“Hello,” I grinned enthusiastically, “may I sit with you?” He grunted and huddled to himself more tightly. “Where are you going?” I asked, by way of introduction. “San Francisco,” he muttered.“Oh really? What are you going to do there?” Slowly we started a conversation, his body uncurled a bit, and he told me about the misfortunes that had besieged his life, but also his hopes of putting it back together again. I saw that he was also an angel, his heart was also full of loving kindness, only it had been temporarily hidden under a mantle of protection. It only took a little massaging and encouragement to bring the loving kindness forth again.
Since my adventure in the snow in Truckee, I feel like I am living in a different world. I think I heard a prophecy somewhere that the world was going to end on December 21st, 2012. I am pretty sure that it did, at least for me. The world that I live in now is safe, and benevolent, and populated by kind and caring people. My job is just to remember to wash my eyes regularly, so I can see them for who they are.
It is true that recently two people got pushed to their deaths on the subway in New York. But it is also true that millions and millions of people did not. It is true there was a tragic shooting in Connecticut a few weeks ago involving children, and it is true that there have been thousands of other gun-related deaths in the United States this year. But it is also true that kind and intelligent and caring people are thinking twice about having semi-automatic weapons available to just about anybody, and are ready to make changes. We are also re-thinking our responsibility to take care of the mentally ill. It is true that a woman was brutally raped in India in the middle of December, and subsequently died. But it is also true that hundreds of thousands of people rose up in the wake of that event and demanded that we take more care of each other, that we re-think a culture that is sexually repressive, that we think twice about the effect of widespread pornography.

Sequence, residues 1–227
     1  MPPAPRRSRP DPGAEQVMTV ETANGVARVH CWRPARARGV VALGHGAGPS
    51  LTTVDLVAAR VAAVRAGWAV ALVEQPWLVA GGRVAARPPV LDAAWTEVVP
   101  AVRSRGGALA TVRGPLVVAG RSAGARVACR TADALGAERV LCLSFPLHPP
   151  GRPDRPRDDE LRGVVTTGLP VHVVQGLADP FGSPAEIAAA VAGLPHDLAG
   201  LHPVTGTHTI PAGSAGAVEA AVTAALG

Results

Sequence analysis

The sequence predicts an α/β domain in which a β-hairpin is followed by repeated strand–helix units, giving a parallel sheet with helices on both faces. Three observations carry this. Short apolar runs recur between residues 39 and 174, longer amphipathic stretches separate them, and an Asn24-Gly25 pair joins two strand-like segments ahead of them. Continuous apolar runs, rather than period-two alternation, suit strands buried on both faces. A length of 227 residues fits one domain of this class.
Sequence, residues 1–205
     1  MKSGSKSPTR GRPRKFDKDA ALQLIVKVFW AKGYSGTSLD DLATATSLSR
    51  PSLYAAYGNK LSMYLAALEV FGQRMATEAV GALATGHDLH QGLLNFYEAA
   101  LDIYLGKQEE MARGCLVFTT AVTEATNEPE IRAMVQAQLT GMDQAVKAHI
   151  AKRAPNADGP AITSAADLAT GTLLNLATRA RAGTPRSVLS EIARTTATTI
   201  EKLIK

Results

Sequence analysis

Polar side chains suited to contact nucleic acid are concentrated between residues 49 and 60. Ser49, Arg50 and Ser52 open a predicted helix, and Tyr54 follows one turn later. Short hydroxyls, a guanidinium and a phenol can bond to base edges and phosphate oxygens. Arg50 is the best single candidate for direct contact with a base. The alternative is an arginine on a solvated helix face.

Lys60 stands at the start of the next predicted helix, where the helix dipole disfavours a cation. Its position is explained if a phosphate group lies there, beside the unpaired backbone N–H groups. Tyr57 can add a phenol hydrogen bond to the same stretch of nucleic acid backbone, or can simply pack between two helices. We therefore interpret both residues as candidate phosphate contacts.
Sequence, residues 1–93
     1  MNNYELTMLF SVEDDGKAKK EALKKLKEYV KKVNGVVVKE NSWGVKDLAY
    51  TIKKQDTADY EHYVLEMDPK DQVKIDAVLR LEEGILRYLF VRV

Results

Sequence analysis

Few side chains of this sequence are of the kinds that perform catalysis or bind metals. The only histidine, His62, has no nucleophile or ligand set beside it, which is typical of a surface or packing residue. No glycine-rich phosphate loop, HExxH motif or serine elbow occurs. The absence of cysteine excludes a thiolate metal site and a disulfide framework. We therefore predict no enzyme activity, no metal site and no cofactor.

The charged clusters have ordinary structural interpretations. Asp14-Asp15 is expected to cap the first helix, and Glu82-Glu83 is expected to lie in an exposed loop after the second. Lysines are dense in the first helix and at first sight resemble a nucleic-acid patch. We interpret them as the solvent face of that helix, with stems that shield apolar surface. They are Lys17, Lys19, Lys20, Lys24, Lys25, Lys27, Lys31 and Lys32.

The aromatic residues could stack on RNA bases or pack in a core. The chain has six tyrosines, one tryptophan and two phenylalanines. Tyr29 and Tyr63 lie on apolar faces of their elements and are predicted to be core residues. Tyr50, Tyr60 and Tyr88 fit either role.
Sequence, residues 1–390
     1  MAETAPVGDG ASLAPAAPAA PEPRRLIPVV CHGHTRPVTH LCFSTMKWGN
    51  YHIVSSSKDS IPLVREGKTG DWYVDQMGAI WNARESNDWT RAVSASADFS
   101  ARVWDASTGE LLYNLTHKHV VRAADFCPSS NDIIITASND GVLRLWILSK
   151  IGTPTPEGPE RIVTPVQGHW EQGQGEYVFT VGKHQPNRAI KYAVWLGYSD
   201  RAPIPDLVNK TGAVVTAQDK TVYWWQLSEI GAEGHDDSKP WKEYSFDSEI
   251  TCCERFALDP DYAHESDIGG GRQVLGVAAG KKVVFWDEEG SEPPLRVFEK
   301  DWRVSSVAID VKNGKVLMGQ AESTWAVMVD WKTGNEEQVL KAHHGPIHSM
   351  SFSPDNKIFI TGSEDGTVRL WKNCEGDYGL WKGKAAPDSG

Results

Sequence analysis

I know now that when I see the world as dangerous, when I see that I need to protect myself against “them,” I become part of the danger itself. If I had seen my tow truck driver as a religious fanatic, instead of a kind man who loves Jesus, I would myself have become part of a prejudiced world. If I had seen the lonely man on the Greyhound bus as someone to keep at arms length, I would have become part of a world that breeds loneliness. By opening our eyes to the innate kindness hidden in every human being, we live in a brave new world.
Then we can gladly remember that the world as we knew it indeed did end on December 21st, 2012.
We have the choice to dance with the angels now.
OK. You know how much I love to hear your thoughts. I just wrote 2350 words for you. Now its your turn. Tell me your thoughts in the comments box below. Catcha soon!